The Unity of the Sciences: Is All Knowledge Connected?


The Unity of the Sciences: Is All Knowledge Connected?



Why? Radio is, of course, a philosophy show, but our guests aren’t just philosophers. They are historians, artists, scientists, musicians, sociologists and specialists from many different fields. Are we doing something wrong? Aren’t all these disciplines different? On this episode of Why? we are going to tackle these questions. We will ask about the classic “unity of the sciences,” look at the relationship between how cultures describe knowledge and how they describe themselves.

In this episode, the guest turns the tables on Jack by forcing him to answer a different starting question. This leads the discussion into unforeseen territory and forces all of us to dive headfirst into some of the deepest and most important (and abstract!) conversation about what it means for human beings to understand one another and the world around them.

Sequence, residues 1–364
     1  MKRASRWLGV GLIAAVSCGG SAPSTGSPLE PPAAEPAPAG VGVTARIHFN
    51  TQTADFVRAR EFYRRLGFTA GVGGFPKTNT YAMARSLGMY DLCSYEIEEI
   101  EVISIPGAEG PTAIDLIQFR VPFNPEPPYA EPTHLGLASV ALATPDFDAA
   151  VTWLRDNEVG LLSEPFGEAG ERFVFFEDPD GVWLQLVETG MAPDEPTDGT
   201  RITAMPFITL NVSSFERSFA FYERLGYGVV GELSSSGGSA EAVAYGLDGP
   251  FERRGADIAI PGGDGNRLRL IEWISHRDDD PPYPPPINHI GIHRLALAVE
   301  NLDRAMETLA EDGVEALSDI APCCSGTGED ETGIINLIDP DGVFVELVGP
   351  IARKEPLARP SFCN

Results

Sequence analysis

Joseph Margolis is the Laura H. Carnell Professor of Philosophy of Temple University. His main interests are in the philosophy of the human sciences, the theory of knowledge and interpretation, aesthetics, philosophy of mind, American philosophy, and pragmatism. He is Past-President of the American Society for Aesthetics, Honorary President and Lifetime Member of the International Association of Aesthetics. He has lectured widely in the United States and abroad. He serves on the editorial board of many philosophical journals and is completing the third volume in a trilogy of books on contemporary American philosophy. Professor Margolis is currently participating in the Department’s Vietnamese Philosophy Exchange.


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Publication Date



Institute for Philosophy in Public Life


Grand Forks, ND


Analysis (Philosophy)--United States--History--20th century ; Philosophy, American--20th century



The Unity of the Sciences: Is All Knowledge Connected?